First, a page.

Argentine 2002 crisis prevented sub-prime crisis to affect the country
As it was shown in several economic and social indicators and in different economic publication from international and national agencies, the consequences of the 2008 economic crisis affected every social class (mainly working classes) and, in our time more than ever, every country in entire world. The chosen country is Argentina where since 2003 until 2015 the same party was democratically elected three times. Graphs (in annex below) indicate a fluctuating behavior in the main macroeconomic indicators due to internal and external causes. The argentine economy always was very vulnerable and dependent of the business cycle of the rest of the world and, specifically, on the primary product international prices. In this sense, the activity level largely depends on international trade and the ability to get foreign currency (dollars mainly) to finance its development. The first great crisis of this millennium was between 1998 and 2002, mainly caused by non-financed public deficit and mistrust in banking system. International creditors limited capital flows that were used to finance public investment, consumption and imports. However, the crisis was gestated before, influenced by other countries of the world: Mexico (1995), South-East Asia (1997), Brazil (1998) and so on (in the framework of capital and “dot com” crises), becoming Argentina more vulnerable to external shocks and with serious lack of confidence in economic performance. The main important costs were unemployment (rise to more than 20%), poverty (around 50%), and a fall in the GDP of more than 20%.
Then, the recovery took place distinguished by high commodities prices, high exchange rate, idle capacity and a large labor supply. Public expenditure had an important role too. The default of public debt and the arrangement of 2005 with a haircut of around 65% allowed the public sector to increase expenditures, specifically social expenditures. In 2008 the government still had some space for expansive fiscal policy so it was used as a countercyclical tool. What is more, the small financial market of Argentina prevented the country to suffer most of the effects of the international crisis. However, just a few years later, Argentine economy began to suffer a slow process of stagnation in the growth rate, employment and consumption. This is matched with a deceleration of international commodities prices and its main business partners, Brazil, China and the UE.
To reduce influence of foreign speculative capital and global crises the State had an active countercyclical monetary and fiscal policy. Firstly, the recovering of the national pensions system and monetary emission were used to finance public expenditure; secondly, most of these expenditures were subsidies and social plans for lower classes (unemployed and informal workers with children). To sum up, in the short term, these policies were effective to counteract a larger crisis (e.g. Mexico). However, in the long run, the excessive monetary emission and a growing public deficit produced an increasing inflation and a deterioration of job creation. So, after the recovery, unemployment and poverty rates stopped decreasing.
Beyond sub-prime crisis, in 2012 Argentina ruled Capital Markets Law (no. 26.831). This new focus approaches to international standards and practices of main capital markets of the world and gives new faculties to the current National Commission of Values. (CNV in Spanish). The CNV is now in charge of the authorization, registration, control and punishment of market agents and stock exchange activity. The law has also new requirements in concept of release of information that some critics consider as an advance of the public control over stock’s market. There is a special article (no. 141) in this norm about the systemic risk but it is vaguely specific on this term and about what actions should be taken by CNV.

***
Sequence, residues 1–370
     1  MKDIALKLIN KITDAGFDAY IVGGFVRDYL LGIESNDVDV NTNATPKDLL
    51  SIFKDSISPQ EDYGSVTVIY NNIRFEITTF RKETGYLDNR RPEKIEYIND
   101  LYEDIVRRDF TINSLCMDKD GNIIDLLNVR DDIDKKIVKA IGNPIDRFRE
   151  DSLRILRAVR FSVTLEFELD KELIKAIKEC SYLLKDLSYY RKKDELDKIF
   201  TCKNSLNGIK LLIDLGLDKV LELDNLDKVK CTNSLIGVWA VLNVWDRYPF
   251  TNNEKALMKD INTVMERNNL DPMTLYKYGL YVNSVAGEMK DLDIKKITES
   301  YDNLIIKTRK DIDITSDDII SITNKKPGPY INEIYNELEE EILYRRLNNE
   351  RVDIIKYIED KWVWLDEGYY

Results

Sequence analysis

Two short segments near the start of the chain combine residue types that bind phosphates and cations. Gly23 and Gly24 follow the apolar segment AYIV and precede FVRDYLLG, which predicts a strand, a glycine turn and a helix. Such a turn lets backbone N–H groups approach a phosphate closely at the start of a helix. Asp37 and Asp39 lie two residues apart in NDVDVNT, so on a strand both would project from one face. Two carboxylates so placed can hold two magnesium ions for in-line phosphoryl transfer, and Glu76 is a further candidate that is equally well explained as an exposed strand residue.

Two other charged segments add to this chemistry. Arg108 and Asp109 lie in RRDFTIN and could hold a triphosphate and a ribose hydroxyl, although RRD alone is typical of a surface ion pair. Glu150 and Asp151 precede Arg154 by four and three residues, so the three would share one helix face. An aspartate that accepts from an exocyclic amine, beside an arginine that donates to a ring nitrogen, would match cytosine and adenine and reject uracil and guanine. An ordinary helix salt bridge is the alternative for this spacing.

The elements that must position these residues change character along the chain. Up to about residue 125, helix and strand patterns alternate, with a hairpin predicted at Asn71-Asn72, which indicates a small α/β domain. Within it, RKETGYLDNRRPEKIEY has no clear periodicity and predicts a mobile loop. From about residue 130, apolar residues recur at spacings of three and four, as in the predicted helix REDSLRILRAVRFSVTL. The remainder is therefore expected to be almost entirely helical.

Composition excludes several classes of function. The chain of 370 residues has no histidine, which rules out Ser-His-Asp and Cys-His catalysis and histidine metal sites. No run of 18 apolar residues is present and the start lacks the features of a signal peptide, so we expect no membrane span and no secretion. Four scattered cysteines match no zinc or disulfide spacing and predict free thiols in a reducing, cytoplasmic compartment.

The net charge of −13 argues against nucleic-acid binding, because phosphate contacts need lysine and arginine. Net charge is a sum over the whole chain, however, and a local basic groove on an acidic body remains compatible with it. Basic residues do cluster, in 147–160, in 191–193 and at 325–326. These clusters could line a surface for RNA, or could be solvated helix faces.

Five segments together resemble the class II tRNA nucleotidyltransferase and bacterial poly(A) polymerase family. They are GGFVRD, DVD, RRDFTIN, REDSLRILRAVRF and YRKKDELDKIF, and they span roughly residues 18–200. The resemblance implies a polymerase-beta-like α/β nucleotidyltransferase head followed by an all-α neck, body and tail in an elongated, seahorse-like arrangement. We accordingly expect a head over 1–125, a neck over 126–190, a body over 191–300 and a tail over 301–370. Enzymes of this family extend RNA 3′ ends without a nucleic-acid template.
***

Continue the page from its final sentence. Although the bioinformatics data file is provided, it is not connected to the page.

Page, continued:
Although the new law is an approach to international standards, the Argentine stock market actually is a smaller one of the region. After 2002 crisis the size of the capital market fell down, largely behind Brazil, Peru, Chile and Colombia. The nationalization of pension’s system contributed to this. Now the pension’s system is one of sharing instead of capitalization, before 2007 workers could choose between private or public funds (private funds used capitalization model), so they had an active participation in stock markets indirectly. Nowadays, working classes do not usually access to this kind of assets, they just prefer a fixed-term deposit or to save foreign currency (dollars). This prevents relatively the typical volatility of the country, but the real economy is affected because the capital market to finance the investment remains too small. So, the new party elected last November (PRO) has a friendly relationship with financial markets and entrepreneurship, and it is expected that in following years the size of the market will grow in tune with less capital and markets controls. If it really comes true, the vulnerability of Argentina’s economy will grow up.
At the present time, the relationship between Argentina and United Kindom is less significant than it is used to be historically. Actually, the UK represents just 1% of total Argentine exports and imports. This means that Argentine international trade is not going to be affected by the Brexit. However, taking into account the relevance of England in financial markets and the risks that the Brexit brings to the international economy, some investors could prefer to stay in less risky markets, such as United State, Europe and London, instead of financing a risky developing country as Argentina. To sum up, at least for now, the event was not significant enough to produce a global crisis. Besides, Argentine relationship with the UK is not very important, so the country will not probably be affected by the Brexit.